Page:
When ArtisTree Community Arts Center & Gallery moved into a newly renovated three-story barn and farmhouse in Pomfret last fall, there were no plans to produce a full-scale musical. But this week, that's exactly what ArtisTree will do when it opens its first production, Fiddler on the Roof, in conjunction with Pentangle Arts Council in Woodstock.
With a cast of 33 and a nine-piece orchestra, it's a huge undertaking for an organization that didn't even have a theater company until a few months ago. ArtisTree Theatre Company is led by Jarvis Green, who will also direct Fiddler.
The production doesn't seem like such a leap of faith when you consider Green's artistic résumé and his success in building a grassroots performing arts organization, BarnArts Center for the Arts, in Barnard. Three years ago, Green was a working actor in New York City when he happened to visit Vermont. He planned to stay for the summer, get an injection of country life and return to NYC rejuvenated.
He wound up working at Fable Farm. "It was serendipitous," Green says. "I just stayed and fell in love with the community and with trees and quietness and space — all those essential things you forget about when you live in the city."
Rather than returning to New York, Green set about finding a way to build his performing life in Vermont. "I started teaching private voice lessons to get my foot in the door, to see if people would be interested," he says. That December, a Christmas concert he'd organized with about 20 of his students played to sold-out audiences at the First Universalist Church and Society of Barnard.
"I went home [to New York] for the holidays," Green recalls. "I wrote in my journal about starting an organization called BarnArts."
Back in Vermont, Green started talking to people, and soon BarnArts was born. Over the subsequent two years, it grew into an eclectic community arts organization. Green attracted people who put their talents to work designing sets and costumes, fundraising, and developing a board. He created a summer workshop for teenagers and directed half a dozen musicals, including Little Shop of Horrors and The 39 Steps.
In between, Green took acting gigs around the Upper Valley — most recently in Clybourne Park and Twelve Angry Men at Northern Stage. He directed a cast of 65 teens in Seussical for North Country Community Theatre in Lebanon, N.H., and was rewarded with nominations for best director and best musical director from New Hampshire Theatre Awards.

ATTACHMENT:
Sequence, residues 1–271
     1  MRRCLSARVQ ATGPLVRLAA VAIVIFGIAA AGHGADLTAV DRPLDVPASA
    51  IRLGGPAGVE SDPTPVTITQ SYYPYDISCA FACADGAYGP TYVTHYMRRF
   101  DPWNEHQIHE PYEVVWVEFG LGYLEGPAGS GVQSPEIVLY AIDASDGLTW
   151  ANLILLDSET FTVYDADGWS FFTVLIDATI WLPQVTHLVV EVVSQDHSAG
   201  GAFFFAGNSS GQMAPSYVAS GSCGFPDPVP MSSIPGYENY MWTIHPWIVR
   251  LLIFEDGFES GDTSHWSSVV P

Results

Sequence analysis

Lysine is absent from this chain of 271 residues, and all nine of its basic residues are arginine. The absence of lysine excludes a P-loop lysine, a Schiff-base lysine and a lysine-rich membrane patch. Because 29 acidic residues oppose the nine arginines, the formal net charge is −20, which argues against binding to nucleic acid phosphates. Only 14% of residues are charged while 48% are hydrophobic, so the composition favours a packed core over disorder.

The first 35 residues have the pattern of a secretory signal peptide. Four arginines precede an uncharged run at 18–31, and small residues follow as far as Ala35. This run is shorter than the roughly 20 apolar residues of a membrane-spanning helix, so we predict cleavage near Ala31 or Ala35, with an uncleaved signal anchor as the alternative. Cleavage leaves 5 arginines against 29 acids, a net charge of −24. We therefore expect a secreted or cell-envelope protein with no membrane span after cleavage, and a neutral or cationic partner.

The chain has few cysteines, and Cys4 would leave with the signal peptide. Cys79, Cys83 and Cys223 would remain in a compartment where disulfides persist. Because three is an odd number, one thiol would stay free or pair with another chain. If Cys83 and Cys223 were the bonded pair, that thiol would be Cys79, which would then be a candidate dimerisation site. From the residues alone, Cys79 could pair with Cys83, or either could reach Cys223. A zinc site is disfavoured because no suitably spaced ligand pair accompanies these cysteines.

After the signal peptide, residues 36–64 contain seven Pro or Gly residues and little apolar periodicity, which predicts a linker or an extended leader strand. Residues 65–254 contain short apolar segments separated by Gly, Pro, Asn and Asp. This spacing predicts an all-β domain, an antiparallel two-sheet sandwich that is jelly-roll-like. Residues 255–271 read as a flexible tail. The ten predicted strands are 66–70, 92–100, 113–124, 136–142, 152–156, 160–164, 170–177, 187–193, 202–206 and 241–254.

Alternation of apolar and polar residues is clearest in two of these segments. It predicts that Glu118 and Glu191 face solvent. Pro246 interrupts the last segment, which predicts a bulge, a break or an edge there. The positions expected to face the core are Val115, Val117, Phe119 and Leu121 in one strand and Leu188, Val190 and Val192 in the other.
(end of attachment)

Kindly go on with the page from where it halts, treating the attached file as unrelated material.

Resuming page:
When ArtisTree asked Green to start a theater program, it struck a chord. At BarnArts, he'd done all kinds of programming to develop an affinity with the community. "But I want to do theater," he says. "It's what I've spent the last 15 years doing."
As BarnArts' founding artistic director, Green still had a chance to see his work there come full circle after his departure. "In December, I sat in the audience and watched the Christmas concert in the church in Barnard," Green says. "It was a full house."
The theater program at ArtisTree will complement existing art and music programs. Green says he chose Fiddler because of how ArtisTree operates — in the building, in its community, in its family. "There are always children around. We really don't say no to people," he explains. "It's about community, tradition, love, marriage."
For the production, ArtisTree is collaborating with Pentangle, which operates the Woodstock Town Hall Theatre. Now in its 40th season, Pentangle is the perfect partner for the young upstart. The arts organization has the in-house technical expertise and marketing and operations infrastructure to support a production. For example, technical director Dan Merlo has worked the Town Hall Theatre for decades; his son, Charlie Merlo, will design sound for Fiddler.
New York-based actor Robert Summers II will reprise the role of Tevye, the charismatic father of five daughters. "Robert has appeared as Tevye over 200 times," Green says. "It's an honor to have him. And our choreographer, James Kinney, is using Jerome Robbins' original choreography." Other members of the creative team include Adrian Tans, scenic design; Jeffrey Bruckerhoff, lighting design; and costume designer Tracey Sullivan.
In addition to a handful of New Yorkers, the cast includes local actors Claes Mattson (Lazar Wolfe), Corey Armstrong (Rabbi) and Sara Norcross (Grandma Tzeitel), among others. That nine-piece orchestra will perform Fiddler's celebrated score, by Jerry Bock and Sheldon Harnick, featuring beloved songs such as "Sunrise, Sunset," "If I Were a Rich Man" and "Tradition."
If the hard work of ArtisTree Theatre Company, Green and the cast and crew pays off, this will be the start of a new tradition in Woodstock.
The original print version of this article was headlined "A 'Green' Light for ArtisTree's New Theater Company"